Israel's Olmert Brings Hard-Liner into Coalition
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Israeli Prime Minister Ehud Olmert expanded his coalition government today by adding a far right party whose leader wants to annex parts of the Israeli-occupied West Bank. After all the criticism of the Olmert government for the war in Lebanon, the prime minister would undoubtedly like to make his coalition more secure. Russian immigrant Avigdor Lieberman and the 11 seats he brings with him do just that. They could also make the coalition far more hard line.
NPR's Linda Gradstein reports.
LINDA GRADSTEIN: The stocky Lieberman, a former nightclub bouncer, is to become deputy prime minister and the cabinet minister in charge of strategic threats against Israel, meaning Iran and its suspect nuclear program. Lieberman's Yisrael Beiteinu, or Israel is our home, was one of the big surprises of the last election, winning 11 seats in the 120-seat Parliament and becoming Israel's fourth largest party. The 48-year-old Lieberman, an immigrant from the former Soviet Union, has made no secret of his hopes to be prime minister some day. But for now, he says, he's focusing on his new job.
Mr. AVIGDOR LIEBERMAN (Deputy Prime Minister, Israel): (Through translator) The number one problem that Israel is facing today is the Iranian threat and the axis of evil surrounding the entire Iranian issue. Words are not enough. We must take action.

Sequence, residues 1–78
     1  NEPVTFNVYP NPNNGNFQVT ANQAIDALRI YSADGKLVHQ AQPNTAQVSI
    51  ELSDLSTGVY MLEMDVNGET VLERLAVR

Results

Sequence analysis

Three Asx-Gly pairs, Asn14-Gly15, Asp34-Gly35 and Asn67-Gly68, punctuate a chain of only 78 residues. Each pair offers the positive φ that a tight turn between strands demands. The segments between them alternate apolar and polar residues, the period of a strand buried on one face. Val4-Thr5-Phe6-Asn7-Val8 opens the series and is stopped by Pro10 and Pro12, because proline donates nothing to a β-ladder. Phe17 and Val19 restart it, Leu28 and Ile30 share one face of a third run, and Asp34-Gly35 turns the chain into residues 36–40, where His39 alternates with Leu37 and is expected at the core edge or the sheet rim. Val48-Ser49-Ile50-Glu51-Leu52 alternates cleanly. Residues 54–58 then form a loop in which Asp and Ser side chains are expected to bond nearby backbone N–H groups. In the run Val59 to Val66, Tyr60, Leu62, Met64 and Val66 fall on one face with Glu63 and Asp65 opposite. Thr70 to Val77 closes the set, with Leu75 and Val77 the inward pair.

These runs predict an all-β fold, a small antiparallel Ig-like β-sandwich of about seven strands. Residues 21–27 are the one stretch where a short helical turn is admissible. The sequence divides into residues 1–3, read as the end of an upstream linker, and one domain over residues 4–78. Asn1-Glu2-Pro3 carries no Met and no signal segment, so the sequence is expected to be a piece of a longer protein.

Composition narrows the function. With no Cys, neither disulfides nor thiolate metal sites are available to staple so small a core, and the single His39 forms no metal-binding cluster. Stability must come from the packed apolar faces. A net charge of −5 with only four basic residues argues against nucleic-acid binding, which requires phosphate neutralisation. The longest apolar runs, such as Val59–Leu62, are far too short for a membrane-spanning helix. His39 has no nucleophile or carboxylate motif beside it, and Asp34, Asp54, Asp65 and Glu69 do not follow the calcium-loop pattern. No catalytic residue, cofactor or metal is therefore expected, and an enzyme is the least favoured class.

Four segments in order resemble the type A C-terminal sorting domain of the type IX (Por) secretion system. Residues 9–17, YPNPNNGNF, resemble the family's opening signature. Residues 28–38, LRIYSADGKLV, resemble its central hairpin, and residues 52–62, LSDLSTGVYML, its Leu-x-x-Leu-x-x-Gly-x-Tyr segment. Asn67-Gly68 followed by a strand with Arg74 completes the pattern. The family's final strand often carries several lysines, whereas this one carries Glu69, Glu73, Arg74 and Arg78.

GRADSTEIN: The expansion of the ruling coalition comes as the popularity of both Olmert and his Kadima Party is at its lowest ebb. Many Israelis blame the government for what they see as the failure of this summer's war against Hezbollah guerillas in Lebanon. Leah Zinder(ph), a diplomatic correspondent for Israel Television, describes Lieberman's entry into the government as a coup for Olmert.
Ms. LEAH ZINDER (Diplomatic Correspondent, Israel Television): Just weeks ago, he was considered one of the weakest prime ministers of all time. Labor, his main coalition ally, was and is in shambles. Some of Olmert's Kadima ministers were even checking the possibility of returning to the Likud. Now, with Yisrael Beiteinu at his side, Olmert will command a rock solid majority of 78 seats in the Knesset. That's two thirds of the Knesset members.
GRADSTEIN: Zinder says the center left Labor Party isn't very happy about Lieberman's joining the government, but is unlikely to quit. Also unhappy are Israeli Arabs, many of whom see Lieberman as a racist. His hard line party has proposed the transfer of some of Israel's Arab citizens to a future Palestinian state and annexing parts of the West Bank to Israel. Israeli-Arab Knesset member Ahmed Tibi says he's disappointed in Olmert's decision.
Mr. AHMED TIBI (Israeli-Arab Knesset): (Through translator) Olmert is saying that he is promoting someone who wants to transfer us, whose platform is racist and fascist. Instead of exiling him, Olmert is bringing him from the street into the government.
GRADSTEIN: Many Israeli analysts say Lieberman's addition to the coalition makes a future peace deal with the Palestinians almost impossible.
Linda Gradstein, NPR News, Jerusalem.
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